More than 70pc of agri-food firms 'failing to prepare'

Damage limitation: Michael Creed says the way business is done must change. Photo: Gerry Mooney
Damage limitation: Michael Creed says the way business is done must change. Photo: Gerry Mooney

Claire Fox and Cormac McQuinn

The possibility of a no-deal Brexit is becoming "increasingly likely", Agriculture Minister Michael Creed has warned.

Mr Creed made the comments at a Getting Brexit Ready event in Co Cork yesterday and said that even if a withdrawal agreement is received it will be a "case of damage limitation" for the agriculture sector.

"It won't be a continuation of business as usual. Brexit by its nature is a significant change in the way we have been doing business with the United Kingdom for the last 40 years," he said.

"It's damage limitation if we get the withdrawal agreement, a transition agreement and a future trading relationship negotiated within that transition period, but it certainly is significant damage if the UK leaves without a deal."

He added there will be "a certain level of tolerance with customs if the UK crash out" on November 1, but warned this tolerance will "diminish quite quickly".

The warning comes as it was revealed that more than 70pc of Irish agri-food businesses have still not applied for an Economic Operators' Registration and Identification (EORI), which will be needed to clear goods through UK customs in the event of Brexit.

Ray Ryan of the Revenue Commissioners urged agri businesses to register.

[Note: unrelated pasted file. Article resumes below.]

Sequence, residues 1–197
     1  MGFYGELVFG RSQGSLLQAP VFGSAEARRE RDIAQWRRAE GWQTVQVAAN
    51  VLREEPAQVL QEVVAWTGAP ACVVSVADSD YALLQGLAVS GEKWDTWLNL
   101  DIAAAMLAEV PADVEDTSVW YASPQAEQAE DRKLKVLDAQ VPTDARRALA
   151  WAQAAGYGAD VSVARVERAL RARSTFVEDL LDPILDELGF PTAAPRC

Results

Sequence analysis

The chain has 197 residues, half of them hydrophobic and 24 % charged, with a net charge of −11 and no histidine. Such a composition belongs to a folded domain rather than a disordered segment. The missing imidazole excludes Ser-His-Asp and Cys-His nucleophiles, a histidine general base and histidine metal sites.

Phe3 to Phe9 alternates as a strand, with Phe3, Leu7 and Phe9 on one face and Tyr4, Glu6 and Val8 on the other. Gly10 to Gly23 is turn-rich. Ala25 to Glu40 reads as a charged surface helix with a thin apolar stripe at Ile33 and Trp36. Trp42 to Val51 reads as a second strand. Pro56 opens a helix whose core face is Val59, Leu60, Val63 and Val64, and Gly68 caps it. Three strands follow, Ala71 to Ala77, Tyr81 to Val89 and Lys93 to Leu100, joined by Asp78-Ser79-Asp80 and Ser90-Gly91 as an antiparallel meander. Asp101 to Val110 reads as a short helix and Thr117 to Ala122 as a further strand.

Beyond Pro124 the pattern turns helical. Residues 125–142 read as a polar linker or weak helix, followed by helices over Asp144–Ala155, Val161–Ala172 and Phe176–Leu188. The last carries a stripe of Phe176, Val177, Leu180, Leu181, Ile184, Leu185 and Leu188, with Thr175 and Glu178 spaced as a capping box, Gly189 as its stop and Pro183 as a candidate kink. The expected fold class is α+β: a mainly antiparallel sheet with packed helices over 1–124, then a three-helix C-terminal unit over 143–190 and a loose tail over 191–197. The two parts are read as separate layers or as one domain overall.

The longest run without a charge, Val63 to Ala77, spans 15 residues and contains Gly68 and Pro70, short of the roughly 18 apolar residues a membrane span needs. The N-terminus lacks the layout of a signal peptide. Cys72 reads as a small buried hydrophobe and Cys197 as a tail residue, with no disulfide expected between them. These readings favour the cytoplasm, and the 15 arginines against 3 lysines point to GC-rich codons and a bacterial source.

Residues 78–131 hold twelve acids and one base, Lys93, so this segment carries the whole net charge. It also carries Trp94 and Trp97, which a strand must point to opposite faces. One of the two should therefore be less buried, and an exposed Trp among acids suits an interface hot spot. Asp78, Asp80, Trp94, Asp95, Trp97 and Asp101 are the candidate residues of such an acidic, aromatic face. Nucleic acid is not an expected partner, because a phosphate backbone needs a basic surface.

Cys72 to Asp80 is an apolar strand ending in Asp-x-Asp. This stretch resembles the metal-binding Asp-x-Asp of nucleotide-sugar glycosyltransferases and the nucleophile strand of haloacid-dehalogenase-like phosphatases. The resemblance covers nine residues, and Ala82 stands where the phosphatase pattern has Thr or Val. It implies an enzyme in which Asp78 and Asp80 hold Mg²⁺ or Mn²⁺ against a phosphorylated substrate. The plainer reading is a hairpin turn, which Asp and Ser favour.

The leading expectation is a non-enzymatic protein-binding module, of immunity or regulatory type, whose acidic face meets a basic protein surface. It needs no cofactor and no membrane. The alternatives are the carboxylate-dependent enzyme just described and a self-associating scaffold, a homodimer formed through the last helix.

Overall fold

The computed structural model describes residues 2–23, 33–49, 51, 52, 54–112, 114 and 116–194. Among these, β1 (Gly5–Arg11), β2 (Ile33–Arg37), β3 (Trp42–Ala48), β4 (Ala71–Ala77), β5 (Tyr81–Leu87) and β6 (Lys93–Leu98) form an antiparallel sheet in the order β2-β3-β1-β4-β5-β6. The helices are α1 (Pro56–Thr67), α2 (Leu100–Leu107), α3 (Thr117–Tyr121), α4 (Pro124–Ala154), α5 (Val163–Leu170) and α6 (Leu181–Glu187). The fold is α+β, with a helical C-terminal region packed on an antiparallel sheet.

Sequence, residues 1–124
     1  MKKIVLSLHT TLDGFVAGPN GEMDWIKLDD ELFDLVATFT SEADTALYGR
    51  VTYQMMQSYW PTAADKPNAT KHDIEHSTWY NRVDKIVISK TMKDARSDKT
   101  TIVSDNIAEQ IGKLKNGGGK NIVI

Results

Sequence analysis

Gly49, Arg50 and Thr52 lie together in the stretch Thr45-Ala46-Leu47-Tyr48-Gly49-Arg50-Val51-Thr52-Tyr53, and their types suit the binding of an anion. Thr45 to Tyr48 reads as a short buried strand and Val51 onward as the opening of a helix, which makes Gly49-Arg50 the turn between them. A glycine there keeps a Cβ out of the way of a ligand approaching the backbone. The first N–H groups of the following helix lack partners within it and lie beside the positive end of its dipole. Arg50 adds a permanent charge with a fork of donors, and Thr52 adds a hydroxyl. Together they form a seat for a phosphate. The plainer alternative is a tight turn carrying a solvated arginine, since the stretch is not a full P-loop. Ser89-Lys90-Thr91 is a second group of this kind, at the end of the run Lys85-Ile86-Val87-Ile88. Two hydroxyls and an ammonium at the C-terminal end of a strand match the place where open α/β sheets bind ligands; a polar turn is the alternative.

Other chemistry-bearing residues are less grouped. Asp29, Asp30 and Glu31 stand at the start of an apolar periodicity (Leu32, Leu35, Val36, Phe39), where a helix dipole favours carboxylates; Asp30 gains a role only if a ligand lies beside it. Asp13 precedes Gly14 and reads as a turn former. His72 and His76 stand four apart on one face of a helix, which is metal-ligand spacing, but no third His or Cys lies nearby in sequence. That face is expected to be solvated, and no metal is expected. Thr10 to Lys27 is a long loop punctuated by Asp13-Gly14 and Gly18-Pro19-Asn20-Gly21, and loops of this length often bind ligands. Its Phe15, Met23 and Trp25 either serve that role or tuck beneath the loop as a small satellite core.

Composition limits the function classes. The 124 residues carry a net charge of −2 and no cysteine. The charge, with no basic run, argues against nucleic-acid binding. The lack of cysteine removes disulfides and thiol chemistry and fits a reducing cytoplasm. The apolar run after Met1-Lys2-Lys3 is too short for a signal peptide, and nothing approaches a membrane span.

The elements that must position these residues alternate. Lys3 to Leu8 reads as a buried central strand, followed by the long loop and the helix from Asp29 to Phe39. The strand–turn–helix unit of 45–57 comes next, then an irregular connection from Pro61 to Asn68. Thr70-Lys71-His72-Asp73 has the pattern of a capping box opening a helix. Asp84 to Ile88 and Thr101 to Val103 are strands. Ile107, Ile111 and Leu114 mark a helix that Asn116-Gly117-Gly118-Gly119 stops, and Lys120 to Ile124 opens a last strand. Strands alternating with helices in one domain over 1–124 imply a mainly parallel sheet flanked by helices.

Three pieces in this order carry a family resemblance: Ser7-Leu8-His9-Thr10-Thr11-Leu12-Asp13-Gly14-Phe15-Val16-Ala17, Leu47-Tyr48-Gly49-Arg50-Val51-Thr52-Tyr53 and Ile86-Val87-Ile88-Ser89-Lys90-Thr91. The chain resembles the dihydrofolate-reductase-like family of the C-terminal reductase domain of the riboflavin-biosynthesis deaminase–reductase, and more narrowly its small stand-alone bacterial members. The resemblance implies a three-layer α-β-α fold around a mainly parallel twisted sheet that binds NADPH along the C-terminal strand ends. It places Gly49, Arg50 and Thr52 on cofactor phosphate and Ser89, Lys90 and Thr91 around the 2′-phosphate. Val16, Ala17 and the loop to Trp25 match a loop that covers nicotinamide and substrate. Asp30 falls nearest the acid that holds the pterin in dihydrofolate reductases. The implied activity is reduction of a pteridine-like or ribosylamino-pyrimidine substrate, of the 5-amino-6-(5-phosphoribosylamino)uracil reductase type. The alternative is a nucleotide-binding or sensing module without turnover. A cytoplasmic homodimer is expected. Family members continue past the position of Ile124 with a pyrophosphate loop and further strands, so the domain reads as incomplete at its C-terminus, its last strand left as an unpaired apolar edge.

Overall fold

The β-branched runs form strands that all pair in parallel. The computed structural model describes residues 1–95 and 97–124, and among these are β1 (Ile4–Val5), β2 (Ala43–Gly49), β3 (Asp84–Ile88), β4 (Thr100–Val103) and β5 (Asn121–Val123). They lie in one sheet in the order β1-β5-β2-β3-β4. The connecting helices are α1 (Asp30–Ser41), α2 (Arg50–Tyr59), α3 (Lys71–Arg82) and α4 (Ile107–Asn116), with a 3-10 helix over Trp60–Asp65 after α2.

"In terms of the agri sector itself, 70pc of the agri-food sector is not registered for EORI," he said. "It does seem a stark figure but if you look at the next point on that, there's approximately 2,000 organisations that trade over €100,000 with the UK and 500 of them have not registered, so that's 20pc. These are larger operators with significant trade to the UK that have not taken the first step from a customs point of view," said Mr Ryan.

Get the latest news from the Farming Independent team 3 times a week.

Meanwhile, an extra €10m to allow for more micro-loans for small businesses hit by a no-deal Brexit is set to be provided under proposals to be considered by Cabinet today.

And there would be a boost in Enterprise Ireland's ability to provide research and development (R&D) grants and the agency would be able to offer loans for the first time if proposed legislation is passed.

The Irish Independent understands the proposals are being brought by Business Minister Heather Humphreys as part of efforts to enhance the Brexit supports available.

The Industrial Development Bill includes amendments to existing laws to increase Microfinance Ireland's equity cap by €10m to €35m.

The extra €10m is to allow for increased volumes of loans to micro-enterprises most at risk from Brexit.

The measure would only be implemented in the case of a crash-out, hard Brexit.

Irish Independent

For Stories Like This and More
Download the Free Farming Independent App